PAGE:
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Novels in Verse for National Poetry Month, Week 3 By Lisa Krok

April is National Poetry Month, so here we go with week three of novels in verse!  I have been posting a verse novel on Twitter @readonthebeach each day, along with a corresponding poetry activity. Click here for my previous post about using my book, Novels in Verse for Teens to reach marginalized and reluctant/striving readers, and here for the round-up from week one and week two.

Day 15: Inside Out & Back Again by Thannha Lai


Ha’s father left for a navy mission nine years ago and was captured. Her family has moved south to get farther away from communism and are living in poverty. They flee to Guam, and are then flown to another tent city in United States, living with a sponsor in Alabama. The entire family start new schools and jobs, and work on learning English. Ha has always been very smart, but she doesn’t feel smart now at school as she learns a new language. This story mirrors the author’s own experiences growing up, and things she has noticed in her own nieces and nephews. Grief and healing via family are themes that resonate.

Found poetry activity:

Ha has always been smart, but she struggles when her family moves to the U.S. from Vietnam. Found poetry can be a great way for English language learners to create poetry. Found poetry is a type of verse created by taking words, phrases, and sometimes whole sentences from other sources and reframing them by altering the sequence, adding or deleting text, changing spacing, etc, to construct new meaning. Think of found poetry as a collage of sorts, but with poems instead of pictures. https://www.facinghistory.org/resource-library/teaching-strategies/found-poems 

Day 16: Other Words for Home by Jasmine Warga


When things become volatile in war torn Syria, Jude and her mother take refuge in Cincinnati, Ohio with relatives, while her father and brother stay behind. Jude finds she has a new label of “Middle Eastern” in the United States, and she struggles to adjust at first. As she begins to make new friends and get to know her new family better, she realizes that she can be herself after all.

Empathy poetry activity:

Thirteen-year-old real-life Syrian refugee, Amineh Abou Kerech has gone through some experiences similar to the protagonist, Jude, in Other Words for Home. After fleeing first to Egypt from Syria, Amineh and her family eventually found refuge in England. This of course meant navigating a new culture and also learning a new language, much like Jude. Amineh used poetry to express herself, which encouraged others to have empathy. She wrote her prizewinning poem, “Lament for Syria”, half in English, and half in Arabic. Try writing a poem in a style of your choice that evokes empathy as Amineh did: https://vimeo.com/237486658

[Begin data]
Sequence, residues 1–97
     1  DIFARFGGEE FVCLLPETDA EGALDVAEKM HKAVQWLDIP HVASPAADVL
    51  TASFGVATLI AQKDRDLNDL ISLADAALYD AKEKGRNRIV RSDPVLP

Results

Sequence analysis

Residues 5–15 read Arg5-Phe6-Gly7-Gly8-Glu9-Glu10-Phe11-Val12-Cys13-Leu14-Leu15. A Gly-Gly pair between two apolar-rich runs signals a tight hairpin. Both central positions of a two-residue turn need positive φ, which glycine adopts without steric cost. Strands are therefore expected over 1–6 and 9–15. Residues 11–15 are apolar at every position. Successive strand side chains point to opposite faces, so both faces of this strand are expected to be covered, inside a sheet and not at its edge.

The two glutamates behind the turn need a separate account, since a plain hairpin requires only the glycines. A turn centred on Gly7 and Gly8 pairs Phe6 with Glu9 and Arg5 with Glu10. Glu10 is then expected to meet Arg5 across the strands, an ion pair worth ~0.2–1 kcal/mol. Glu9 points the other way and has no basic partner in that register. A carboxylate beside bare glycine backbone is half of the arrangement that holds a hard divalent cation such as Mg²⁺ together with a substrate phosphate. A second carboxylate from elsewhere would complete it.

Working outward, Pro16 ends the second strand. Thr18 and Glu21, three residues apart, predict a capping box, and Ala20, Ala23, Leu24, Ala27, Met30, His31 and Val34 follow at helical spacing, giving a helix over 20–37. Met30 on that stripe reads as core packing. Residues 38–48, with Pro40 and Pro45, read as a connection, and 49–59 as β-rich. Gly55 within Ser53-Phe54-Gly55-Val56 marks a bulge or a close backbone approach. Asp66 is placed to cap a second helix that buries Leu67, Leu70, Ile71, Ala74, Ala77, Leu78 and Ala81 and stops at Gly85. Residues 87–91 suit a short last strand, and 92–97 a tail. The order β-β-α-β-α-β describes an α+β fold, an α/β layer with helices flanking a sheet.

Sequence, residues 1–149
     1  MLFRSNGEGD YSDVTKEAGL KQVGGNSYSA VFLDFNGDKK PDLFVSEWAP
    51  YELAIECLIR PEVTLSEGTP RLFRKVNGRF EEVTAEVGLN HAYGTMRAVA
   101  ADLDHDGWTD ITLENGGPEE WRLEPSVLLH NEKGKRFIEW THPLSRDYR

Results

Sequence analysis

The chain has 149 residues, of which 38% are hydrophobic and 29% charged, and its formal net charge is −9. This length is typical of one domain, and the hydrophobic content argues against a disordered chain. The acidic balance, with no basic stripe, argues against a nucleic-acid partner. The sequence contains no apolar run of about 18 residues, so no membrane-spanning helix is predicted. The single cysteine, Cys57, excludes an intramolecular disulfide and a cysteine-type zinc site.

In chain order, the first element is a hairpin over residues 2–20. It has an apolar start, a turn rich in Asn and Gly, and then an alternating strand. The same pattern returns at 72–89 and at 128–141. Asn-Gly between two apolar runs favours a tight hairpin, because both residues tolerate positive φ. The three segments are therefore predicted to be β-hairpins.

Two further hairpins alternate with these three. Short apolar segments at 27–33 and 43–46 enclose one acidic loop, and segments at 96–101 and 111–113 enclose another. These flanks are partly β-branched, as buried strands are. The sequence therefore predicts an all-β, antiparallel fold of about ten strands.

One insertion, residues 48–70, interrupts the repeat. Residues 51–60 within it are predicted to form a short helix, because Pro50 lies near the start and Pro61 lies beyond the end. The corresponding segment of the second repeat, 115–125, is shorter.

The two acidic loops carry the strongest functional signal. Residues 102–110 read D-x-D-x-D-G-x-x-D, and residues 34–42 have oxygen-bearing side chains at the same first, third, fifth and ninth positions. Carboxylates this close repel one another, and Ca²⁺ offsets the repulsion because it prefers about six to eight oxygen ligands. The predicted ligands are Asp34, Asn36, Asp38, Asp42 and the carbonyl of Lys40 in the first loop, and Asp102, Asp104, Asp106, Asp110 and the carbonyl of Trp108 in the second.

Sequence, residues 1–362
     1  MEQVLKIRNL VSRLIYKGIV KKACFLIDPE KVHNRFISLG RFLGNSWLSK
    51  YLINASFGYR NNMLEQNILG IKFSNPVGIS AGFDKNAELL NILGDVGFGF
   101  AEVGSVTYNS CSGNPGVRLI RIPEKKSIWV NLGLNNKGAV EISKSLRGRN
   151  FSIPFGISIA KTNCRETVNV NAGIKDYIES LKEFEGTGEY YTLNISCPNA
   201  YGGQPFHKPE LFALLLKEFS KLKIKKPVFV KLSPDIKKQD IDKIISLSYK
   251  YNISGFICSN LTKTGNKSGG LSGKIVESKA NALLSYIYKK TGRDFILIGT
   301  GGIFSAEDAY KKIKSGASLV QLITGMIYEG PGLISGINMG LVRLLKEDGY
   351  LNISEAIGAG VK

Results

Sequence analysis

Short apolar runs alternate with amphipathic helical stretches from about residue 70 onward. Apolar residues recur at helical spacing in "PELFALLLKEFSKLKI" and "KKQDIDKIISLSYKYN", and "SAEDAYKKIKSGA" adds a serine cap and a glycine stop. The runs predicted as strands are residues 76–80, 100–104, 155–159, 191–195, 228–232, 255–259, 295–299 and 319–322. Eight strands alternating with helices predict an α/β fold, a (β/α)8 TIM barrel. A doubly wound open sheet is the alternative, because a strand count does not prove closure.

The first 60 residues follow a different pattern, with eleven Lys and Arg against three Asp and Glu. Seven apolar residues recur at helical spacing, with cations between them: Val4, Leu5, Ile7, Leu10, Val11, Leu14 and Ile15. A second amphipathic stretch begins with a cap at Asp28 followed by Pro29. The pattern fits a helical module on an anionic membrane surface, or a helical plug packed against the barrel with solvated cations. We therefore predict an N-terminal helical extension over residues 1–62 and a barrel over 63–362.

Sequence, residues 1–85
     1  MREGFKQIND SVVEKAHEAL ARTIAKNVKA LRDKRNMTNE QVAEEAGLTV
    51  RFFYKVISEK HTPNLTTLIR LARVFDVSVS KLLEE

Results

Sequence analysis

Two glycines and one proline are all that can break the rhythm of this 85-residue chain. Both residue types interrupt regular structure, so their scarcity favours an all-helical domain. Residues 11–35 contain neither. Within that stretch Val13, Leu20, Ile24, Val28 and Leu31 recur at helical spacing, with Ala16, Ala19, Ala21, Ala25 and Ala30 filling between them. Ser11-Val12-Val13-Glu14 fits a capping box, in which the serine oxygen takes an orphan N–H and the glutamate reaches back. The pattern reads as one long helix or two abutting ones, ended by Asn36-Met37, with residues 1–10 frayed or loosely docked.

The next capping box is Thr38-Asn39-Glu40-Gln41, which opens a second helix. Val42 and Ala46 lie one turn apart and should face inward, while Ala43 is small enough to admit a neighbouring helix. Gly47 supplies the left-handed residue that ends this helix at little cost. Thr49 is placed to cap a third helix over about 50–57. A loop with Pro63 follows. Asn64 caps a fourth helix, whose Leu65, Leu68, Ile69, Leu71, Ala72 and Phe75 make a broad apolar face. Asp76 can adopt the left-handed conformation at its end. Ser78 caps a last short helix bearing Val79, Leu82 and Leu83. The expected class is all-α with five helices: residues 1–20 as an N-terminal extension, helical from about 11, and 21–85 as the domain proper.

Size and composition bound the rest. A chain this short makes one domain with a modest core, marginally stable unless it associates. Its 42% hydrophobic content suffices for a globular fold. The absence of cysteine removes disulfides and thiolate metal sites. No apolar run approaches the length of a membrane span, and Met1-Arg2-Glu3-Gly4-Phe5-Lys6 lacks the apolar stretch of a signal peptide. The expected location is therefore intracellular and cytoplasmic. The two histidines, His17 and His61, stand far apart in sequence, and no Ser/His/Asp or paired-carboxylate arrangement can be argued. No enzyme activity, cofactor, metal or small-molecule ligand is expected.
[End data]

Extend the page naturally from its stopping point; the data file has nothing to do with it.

Day 17:  Mary’s Monster: Love, Madness, and How Mary Shelley Created Frankenstein by Lita Judge


Many recognize Mary Shelley’s name as the author of Frankenstein. However, what most people don’t know is that before the age of twenty, she had already been disowned by her family and was living with a married man in a scandalous arrangement. She survived losing two babies just after their births, before pouring her anguish into the book that was first published anonymously. Years later, Lord Byron made public letters that proved Mary Shelley was in fact the anonymous author of Frankenstein. Free verse is paired with haunting black and white watercolor illustrations in this unique biography in verse.

Mental health advocacy poetry activity:

Mental illness is clearly a theme throughout Mary’s Monster. Did you know that one in five people will suffer from a mental health issue at some point during their lifetime? That means some of your friends and family, including you, may be struggling with one right now. Read the action guide linked below for facts about mental health, and to learn how you can use poetry to address mental health in your life and community.


Day 18: Two Girls Staring at the Ceiling by Lucy Frank


Two girls share a hospital room and an illness, in very opposite ways. Where one quiet, the other is loud. Where one is polite, the other is rude. One screams in pain, while the other silently tolerates it. As their friendship slowly grows, the curtain separating their hospital beds opens, but is one is getting better while the other declines?

Exquisite corpse poetry activity: